Sometimes, instead of evolving slowly, technology takes a giant leap forward. When this happens for one part of IT, everything else effectively becomes a bottleneck, and further changes must take place to bring the rest of the IT environment up to the new standard of performance.

This has happened recently with storage. After flash storage spent years being reserved for special use cases, pricing has come down enough for the technology to effectively replace hard disk drives as the norm. However, for a time, flash arrays operated on SCSI (pronounced “skuzzy”), a protocol developed for traditional storage. As a result, flash storage was hamstrung, unable to perform at its full potential.

Happily, a new protocol has emerged: Non-Volatile Memory Express, or NVMe.

What Is NVMe?

NVMe is a protocol developed specifically for flash storage. It was designed to be much more efficient, supporting a higher degree of parallelism than is possible with SCSI-based systems. Think of a SCSI-based storage array as a library information desk with a single librarian to answer questions; no matter how fast the librarian is, he or she can answer only one question at a time. Now, think of the same information desk, but staffed by thousands of librarians — that’s NVMe, able to support 64,000 commands in a single message queue. By eliminating the “line” of requests for information, NVMe-based systems can dramatically improve performance.

What Do I Need to Do Now?

A lot of marketing material is being written about how NVMe is a game changer that organizations should race to adopt. For certain use cases, that might be true, but really, most organizations will end up adopting NVMe-based flash storage by default as the solution becomes the industry standard. The performance improvements made possible by NVMe-based flash, and the constant downward push of prices, make that inevitable.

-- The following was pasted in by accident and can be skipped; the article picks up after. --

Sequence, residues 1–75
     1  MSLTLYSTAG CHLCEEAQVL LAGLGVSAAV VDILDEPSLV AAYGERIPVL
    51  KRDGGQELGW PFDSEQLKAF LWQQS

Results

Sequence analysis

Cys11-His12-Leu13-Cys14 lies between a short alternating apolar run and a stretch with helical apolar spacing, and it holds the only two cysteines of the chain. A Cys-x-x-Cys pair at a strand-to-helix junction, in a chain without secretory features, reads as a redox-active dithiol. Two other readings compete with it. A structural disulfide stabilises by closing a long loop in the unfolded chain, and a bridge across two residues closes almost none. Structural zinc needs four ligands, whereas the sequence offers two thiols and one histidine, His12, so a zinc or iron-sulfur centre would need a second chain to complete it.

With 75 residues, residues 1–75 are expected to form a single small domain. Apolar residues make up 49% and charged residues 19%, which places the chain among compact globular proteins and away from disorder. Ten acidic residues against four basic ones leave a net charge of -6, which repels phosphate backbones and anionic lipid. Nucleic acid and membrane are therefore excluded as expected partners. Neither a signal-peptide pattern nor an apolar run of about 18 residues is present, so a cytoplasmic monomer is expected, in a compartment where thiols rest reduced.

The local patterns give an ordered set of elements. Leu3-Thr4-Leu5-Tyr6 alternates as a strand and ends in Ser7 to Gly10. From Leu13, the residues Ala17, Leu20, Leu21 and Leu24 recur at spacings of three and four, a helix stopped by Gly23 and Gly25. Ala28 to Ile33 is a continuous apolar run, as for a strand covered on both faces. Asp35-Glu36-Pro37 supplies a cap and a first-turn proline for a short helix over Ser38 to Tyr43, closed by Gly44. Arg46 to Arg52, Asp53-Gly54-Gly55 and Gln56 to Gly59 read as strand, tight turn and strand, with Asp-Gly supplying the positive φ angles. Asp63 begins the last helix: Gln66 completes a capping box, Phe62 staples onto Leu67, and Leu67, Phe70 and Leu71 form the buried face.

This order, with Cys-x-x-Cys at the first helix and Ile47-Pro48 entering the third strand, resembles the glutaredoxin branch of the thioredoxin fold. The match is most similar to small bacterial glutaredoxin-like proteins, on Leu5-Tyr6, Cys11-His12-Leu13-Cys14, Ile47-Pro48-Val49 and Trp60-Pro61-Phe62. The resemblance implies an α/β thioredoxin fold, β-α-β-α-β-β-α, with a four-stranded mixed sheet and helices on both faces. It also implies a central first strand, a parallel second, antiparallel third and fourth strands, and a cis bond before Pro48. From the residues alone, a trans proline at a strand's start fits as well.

Already, many consumer laptops are being produced with NVMe-based flash storage. And most major storage vendors were producing flash arrays that run on the NVMe protocol by 2018.

What About Fabrics?

Fabric is one area in which some organizations need to be aggressive in their adoption. NVMe over Fabric (NVMe-oF) refers to a still-emerging standard that enables the NVMe protocol to flow over a Fibre Channel network, allowing servers to communicate with storage using the NVMe protocol from end to end — including the server operating system, server hypervisor, network adapter cards, storage OS and storage drives.

NVMe over Fabric can help push application response times down to microseconds, accommodating use cases that depend on near real-time information access. These use cases include artificial intelligence, machine learning and Internet of Things. Organizations that invest in these areas should actively explore NVMe-oF.

What Happens Going Forward?

The emergence of NVMe — especially, NVMe-oF — has the potential to create an unprecedented situation in the IT world. For the first time, the network may become the most prominent bottleneck in the enterprise. Even the first generations of NVMe-based hyperconverged infrastructure, for example, will likely require 25-gigabit-per-second Ethernet, a capacity that might seem shocking to network managers who currently have plenty of extra bandwidth on their 10Gbps (or perhaps even 1Gbps) networks. Over time, NVMe-based flash may require 50Gbps and 100Gbps Ethernet links, with 400Gbps Ethernet uplinks.

Looking at these capacity numbers, it’s clear that talk about NVMe being a game changer is warranted. Most organizations have time to make major decisions and plan out network upgrades, but one thing is certain: No matter what they decide, most enterprises are likely to have NVMe-based flash storage running in their data centers soon enough.

Want to know more about storage options that can optimize your data center? Visit CDW’s Data Storage page.